That raises questions: What does a civil rights movement look like in an era of massive wealth? Can you still inspire a grass-roots movement when all the street troops know that the billionaires can just write bigger checks? And is it possible that the left has become a movement as coldly obsessed with money as it always assumed the right was?

Gays may see the cabinet as powerful, almost numinous, but its own members see themselves as largely unorganized and highly independent. "It's a group of people who like and respect each other and their opinions," Ray Mulliner, a longtime Hormel adviser, told me recently. "It's nothing more than like-minded donors getting together to share strategies." When I mentioned that similar organizations on the right had received press scrutiny — I was thinking of the Arlington Group, a coalition of movement conservatives — Mulliner angrily rejected the comparison: "You have no reason to be curious about this. You're going to write a piece that's going to start a fire that needs to get put out, and it's going to cost a lot of money to put it out," he said.

The Cabinet first came together three or four years ago, according to Van Ameringen, as a "meeting place" for donors who wanted to use their money with greater strategic acumen. Gill got the idea for the group after he and Lewis attended a Democracy Alliance meeting. The donors felt they could accomplish more for gays if they shared information rather than operate as "silo" givers. Some members were frustrated that the established gay movement in Washington hadn't made greater progress in a society rapidly coming to see homosexuality as a mere variation rather than a moral degeneration.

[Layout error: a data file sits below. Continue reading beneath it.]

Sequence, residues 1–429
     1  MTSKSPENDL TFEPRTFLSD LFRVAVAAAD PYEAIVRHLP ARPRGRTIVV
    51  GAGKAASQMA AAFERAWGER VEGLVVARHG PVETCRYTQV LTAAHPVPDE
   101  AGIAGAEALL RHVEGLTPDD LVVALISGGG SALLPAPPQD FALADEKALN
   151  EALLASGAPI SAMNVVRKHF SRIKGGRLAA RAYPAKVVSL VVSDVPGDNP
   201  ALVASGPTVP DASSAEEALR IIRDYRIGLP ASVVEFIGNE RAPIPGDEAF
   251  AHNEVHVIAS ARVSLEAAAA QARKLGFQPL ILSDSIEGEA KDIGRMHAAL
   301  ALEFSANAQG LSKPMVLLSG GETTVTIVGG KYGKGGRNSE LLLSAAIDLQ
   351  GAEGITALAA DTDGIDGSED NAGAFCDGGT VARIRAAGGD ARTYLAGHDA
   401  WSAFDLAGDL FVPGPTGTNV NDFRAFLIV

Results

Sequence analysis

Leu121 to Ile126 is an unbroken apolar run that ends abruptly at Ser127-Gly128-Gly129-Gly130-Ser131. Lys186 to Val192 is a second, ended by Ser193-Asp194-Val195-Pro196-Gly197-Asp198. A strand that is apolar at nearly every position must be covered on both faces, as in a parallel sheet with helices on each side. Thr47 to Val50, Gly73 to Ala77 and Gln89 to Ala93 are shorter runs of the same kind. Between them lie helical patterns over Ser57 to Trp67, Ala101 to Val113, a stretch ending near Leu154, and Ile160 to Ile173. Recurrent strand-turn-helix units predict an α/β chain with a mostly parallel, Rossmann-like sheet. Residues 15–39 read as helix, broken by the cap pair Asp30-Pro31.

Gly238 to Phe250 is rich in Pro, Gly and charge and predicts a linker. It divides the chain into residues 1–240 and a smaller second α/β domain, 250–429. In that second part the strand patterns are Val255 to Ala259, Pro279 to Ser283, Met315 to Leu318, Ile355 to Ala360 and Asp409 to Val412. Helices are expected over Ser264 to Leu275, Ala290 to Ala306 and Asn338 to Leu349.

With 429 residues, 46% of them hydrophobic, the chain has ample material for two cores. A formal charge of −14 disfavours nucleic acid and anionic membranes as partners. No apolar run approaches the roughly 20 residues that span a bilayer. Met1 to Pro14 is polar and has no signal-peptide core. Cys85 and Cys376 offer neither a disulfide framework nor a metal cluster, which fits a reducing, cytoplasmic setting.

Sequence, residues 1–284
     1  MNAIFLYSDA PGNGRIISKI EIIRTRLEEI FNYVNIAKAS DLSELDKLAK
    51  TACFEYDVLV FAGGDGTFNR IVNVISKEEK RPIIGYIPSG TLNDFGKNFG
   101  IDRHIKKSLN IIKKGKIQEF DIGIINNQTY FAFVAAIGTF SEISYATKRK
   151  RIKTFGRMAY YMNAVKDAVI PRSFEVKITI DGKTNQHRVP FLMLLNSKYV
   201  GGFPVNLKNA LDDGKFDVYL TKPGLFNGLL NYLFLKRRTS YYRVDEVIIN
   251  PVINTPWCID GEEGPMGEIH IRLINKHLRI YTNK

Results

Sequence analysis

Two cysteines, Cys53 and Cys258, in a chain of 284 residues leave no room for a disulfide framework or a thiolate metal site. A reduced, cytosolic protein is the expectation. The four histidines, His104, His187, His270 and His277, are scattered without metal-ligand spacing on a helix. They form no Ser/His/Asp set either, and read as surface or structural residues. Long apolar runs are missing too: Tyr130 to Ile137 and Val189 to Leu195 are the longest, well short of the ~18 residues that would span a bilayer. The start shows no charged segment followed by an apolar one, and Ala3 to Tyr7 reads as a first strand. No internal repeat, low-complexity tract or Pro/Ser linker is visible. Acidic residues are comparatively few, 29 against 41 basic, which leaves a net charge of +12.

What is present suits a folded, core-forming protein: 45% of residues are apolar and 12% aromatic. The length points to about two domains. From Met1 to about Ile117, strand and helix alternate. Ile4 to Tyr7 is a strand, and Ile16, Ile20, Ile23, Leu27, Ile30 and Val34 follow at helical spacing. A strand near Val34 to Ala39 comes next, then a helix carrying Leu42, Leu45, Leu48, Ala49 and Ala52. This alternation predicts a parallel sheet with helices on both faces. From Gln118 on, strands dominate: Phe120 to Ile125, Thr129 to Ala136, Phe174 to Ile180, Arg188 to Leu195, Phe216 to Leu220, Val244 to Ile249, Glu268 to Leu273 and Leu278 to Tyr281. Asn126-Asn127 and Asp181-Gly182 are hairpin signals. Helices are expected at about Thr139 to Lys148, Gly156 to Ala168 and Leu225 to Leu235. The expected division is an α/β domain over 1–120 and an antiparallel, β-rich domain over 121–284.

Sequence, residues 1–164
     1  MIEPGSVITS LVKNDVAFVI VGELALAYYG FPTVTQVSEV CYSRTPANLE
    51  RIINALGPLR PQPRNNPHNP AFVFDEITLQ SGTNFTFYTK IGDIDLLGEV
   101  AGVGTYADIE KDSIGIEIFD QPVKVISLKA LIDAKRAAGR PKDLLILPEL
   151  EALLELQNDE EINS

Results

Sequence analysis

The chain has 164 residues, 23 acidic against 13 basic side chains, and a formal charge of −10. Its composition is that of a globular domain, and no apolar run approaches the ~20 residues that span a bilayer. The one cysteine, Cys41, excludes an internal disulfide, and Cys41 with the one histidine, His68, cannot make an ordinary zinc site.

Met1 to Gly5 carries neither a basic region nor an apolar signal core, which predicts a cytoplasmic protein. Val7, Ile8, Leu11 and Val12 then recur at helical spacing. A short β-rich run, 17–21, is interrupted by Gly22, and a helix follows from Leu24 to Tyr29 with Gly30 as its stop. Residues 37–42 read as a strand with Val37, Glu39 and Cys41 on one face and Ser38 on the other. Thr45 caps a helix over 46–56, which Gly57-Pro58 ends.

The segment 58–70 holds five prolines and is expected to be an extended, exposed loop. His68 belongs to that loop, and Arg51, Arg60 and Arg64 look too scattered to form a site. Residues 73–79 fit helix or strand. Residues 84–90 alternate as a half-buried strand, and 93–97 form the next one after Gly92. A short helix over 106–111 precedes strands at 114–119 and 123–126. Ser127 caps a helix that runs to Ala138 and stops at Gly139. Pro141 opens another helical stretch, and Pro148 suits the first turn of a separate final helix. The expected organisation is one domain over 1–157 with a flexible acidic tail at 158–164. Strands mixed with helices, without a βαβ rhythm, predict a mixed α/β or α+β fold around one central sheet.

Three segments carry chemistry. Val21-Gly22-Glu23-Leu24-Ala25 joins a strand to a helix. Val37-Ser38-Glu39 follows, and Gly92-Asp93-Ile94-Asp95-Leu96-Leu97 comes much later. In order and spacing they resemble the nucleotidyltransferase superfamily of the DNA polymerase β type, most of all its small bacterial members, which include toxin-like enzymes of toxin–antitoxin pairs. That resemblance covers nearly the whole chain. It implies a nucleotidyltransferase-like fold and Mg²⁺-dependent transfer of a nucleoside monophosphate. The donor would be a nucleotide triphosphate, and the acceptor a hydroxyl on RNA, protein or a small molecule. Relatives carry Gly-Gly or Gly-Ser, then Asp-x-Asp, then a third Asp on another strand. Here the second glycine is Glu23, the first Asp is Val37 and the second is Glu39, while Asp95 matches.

Today it's difficult to find a gay organization that has not enjoyed the Cabinet's largesse. In 2007, for example, Stryker's Arcus Foundation gave away $11.8 million as part of its Gay and Lesbian Program. The money reached both big-name groups like the Gay & Lesbian Alliance Against Defamation (which got half a million dollars) and little organizations like the Actors Theatre Co. of Grand Rapids, Mich., which got $25,000 to produce a play called Seven Passages: The Story of Gay Christians.

The web of connections among the Cabinet members is complex. All the other members have donated the maximum amount allowed to Ketner's congressional campaign. Gill, Lewis and Stryker employ political advisers — respectively, Denver attorney Ted Trimpa; Paul Yandura, who worked in the Clinton White House's political-affairs office; and Lisa Turner, a former political director for the Democratic Legislative Campaign Committee — who regularly speak with one another and with others who work for Cabinet members.

There's nothing illegal about the Cabinet's coordination of its members' giving, according to Lawrence Noble, campaign-finance expert with the Washington-based firm Skadden, Arps. The contributions would be illegal only if the members agreed to give up control of their donations entirely or coordinated them directly with a campaign. There's no evidence of either; several people associated with the Cabinet made clear that its members make their donations without anyone's review. And yet as the National Review's Byron York has pointed out, Americans were horrified to learn during Watergate that Richard Nixon's friend Clement Stone had donated an outrageous $2 million in cash to the President's campaign. Cabinet members have spent at least five times that amount in various races in the past four years; the Soros-backed Democracy Alliance has spent probably 50 times that amount.

Still, it's hard to argue that the left in general and gays in particular should sit on their hands while foes outspend them. Strategically, the Cabinet makes sense; most people who defend its secrecy offer a Machiavellian understanding of ends and means. "I could lose a lot of sleep about it, and I do wonder why they have abandoned [gay] organizations that have a 35-year track record in order to have their own operations," says a seasoned Washington gay activist. "But if that's the way the rules of the game are being played, I need to maneuver within what the realities are."